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Tuesday, 11 January, 2000, 03:49 GMT
Steve Case: Master salesman
By BBC News Online's Kevin Anderson in Washington
Steve Case heads the world's largest online service, America Online, but it is his grasp of the low-tech that has allowed him to become one of the biggest players in world of high technology.
He comes from a marketing background, and so far, his focus on ease-of-use and content has put AOL ahead of well-heeled competitors such as Microsoft's MSN.
"We recognised early that the killer [application] was people," Mr Case told Wired magazine.
Unlike Bill Gates - computer programmer turned mega-mogul - Mr Case is a salesman at heart.
When he was growing up in Hawaii, he ran a neighbourhood juice stand with his older brother.
Later, the two brothers started Case Enterprises, delivering newspapers and selling seeds and greeting cards.
He studied political science at Williams College in Massachusetts, where his father went to school.
His least favourite class was computer programming, but computer networking, especially the ability to connect computers and users over vast distances, fascinated him.
After university, he began his career at consumer products giant Proctor & Gamble helping to sell hair conditioner.
Two years later, he went to Wichita Kansas to conduct market research for PepsiCo's Pizza Hut division.
Help from big brother
In 1983, his older brother and former business partner in their youthful business ventures, Dan, introduced him to the executives at Control Video Corporation.
The company offered a service that foreshadowed online software delivery. Using a device that plugged into the Atari 2600 and a telephone line, the service downloaded games on a pay-per-play basis.
Unfortunately, it was launched just as the first wave of home video gaming was coming to an end, but the company transformed itself into Quantum Computer Services in 1985.
Before online access meant logging on to a commercial Internet, Quantum launched an online service for Commodore computers.
The service promised to be useful, easy to use and entertaining. Its proprietary software offered sound and colour graphics.
Mr Case negotiated deals to provide services for computers from Apple, Tandy and IBM, but he ran into trouble because of the high cost of the services.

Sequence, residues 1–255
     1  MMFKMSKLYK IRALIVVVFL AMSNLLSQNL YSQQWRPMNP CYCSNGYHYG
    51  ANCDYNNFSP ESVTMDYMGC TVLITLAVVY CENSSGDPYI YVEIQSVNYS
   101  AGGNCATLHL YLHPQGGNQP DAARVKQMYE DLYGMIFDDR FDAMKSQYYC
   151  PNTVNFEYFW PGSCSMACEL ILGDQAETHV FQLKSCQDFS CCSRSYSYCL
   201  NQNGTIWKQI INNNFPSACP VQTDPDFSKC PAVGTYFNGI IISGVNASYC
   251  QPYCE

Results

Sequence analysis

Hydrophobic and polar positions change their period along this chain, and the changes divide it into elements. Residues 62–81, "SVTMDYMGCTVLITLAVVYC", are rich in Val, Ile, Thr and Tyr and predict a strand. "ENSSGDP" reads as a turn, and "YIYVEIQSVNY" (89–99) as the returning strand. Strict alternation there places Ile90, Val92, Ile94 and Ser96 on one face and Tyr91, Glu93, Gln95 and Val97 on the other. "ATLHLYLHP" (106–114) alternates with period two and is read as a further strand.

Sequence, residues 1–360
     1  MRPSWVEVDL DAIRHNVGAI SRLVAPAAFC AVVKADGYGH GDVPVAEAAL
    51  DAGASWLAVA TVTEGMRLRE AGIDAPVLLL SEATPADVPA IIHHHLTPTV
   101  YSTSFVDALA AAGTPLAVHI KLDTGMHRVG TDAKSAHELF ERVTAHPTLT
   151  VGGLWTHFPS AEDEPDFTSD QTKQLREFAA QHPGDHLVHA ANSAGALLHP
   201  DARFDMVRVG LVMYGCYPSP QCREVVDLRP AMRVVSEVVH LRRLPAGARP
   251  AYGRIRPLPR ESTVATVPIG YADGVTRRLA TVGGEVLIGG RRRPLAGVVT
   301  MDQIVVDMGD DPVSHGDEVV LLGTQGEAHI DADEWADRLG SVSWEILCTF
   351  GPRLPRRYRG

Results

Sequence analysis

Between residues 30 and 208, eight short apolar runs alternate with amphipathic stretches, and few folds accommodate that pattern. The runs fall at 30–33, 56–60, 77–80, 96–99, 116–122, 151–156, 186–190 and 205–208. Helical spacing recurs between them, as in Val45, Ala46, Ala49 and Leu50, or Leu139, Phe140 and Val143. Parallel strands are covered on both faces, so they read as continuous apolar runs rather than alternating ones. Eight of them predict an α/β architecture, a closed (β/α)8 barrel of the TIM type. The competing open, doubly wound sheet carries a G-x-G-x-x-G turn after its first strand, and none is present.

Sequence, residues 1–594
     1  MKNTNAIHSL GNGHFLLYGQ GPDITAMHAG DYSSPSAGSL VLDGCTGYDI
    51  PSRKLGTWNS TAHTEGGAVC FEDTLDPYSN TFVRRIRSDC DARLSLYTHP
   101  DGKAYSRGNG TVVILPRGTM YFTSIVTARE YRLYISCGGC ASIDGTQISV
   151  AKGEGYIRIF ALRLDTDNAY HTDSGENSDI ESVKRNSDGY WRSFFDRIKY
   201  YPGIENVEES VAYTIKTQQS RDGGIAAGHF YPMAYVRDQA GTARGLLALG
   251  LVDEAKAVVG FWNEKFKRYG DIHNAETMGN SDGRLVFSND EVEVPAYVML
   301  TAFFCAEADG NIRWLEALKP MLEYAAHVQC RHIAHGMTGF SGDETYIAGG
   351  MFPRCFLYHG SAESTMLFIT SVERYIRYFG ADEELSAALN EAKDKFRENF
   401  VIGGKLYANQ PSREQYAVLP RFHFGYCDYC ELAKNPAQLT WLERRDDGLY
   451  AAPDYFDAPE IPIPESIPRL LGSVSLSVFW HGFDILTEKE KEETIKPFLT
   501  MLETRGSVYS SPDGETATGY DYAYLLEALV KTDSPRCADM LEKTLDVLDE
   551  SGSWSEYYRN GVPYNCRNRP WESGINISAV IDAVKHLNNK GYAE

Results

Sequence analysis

The Case era
In 1991, Mr Case, then the CEO of Quantum Computer Services, thought the company needed a new name, and he held a company contest to choose one.
Employees suggested Quantum 2000, Crossroads, Explore and Infinity, but he voted his own idea the winner. America Online was born despite protests from employees.
The newly-named competitor shot past its competitors, so much so that in 1993 both Bill Gates and his Microsoft co-founder made separate attempts to buy AOL.
"I can buy 20% of you or I can buy all of you, or I can go into this business myself and bury you," Mr Gates said at the time.
Mr Case did not sell, and said in one interview: "I was always motivated by the belief that [AOL] should not be subservient to someone else."
He is fiercely protective of the company and has said that he shares Intel co-founder Andy Grove's belief that, in business, only the paranoid survive.
The nimble giant
AOL has faced many challenges in the 1990s. Many predicted that the Internet would doom the proprietary service because people would not pay for content that they could largely get for free.
It also responded to flat-rate Internet service providers by offering its own flat-rate plan. In the process, its servers were swamped and many derided it as America On Hold.
The casual Mr Case, who dresses in khakis and often props his feet on his desk, met the crises calmly.
The marketer blanketed the US with CDs of its software - some in the US use the seemingly-ubiquitous discs as coffee coasters.
But the effort has been effective, and subscribers flocked to the service, making it the world's largest online service.
And instead of scaling back on AOL's content, Mr Case continued to build the online service's stable of online content.
The company went from being a take-over target to a major new media power, beginning a buying binge in 1994 that continues unabated to this day.
In the process, AOL has bought Netscape, former competitor CompuServe and now Time Warner.
Once described as the Ted Turner of online services, now Mr Case is Ted Turner's boss.
Mr Case will use Time Warner to extend the "AOL Everywhere" strategy.
The master marketer wants to free AOL from the desktop computer and deliver his company's content to televisions, mobile phones, handheld computers and as yet to be developed devices.
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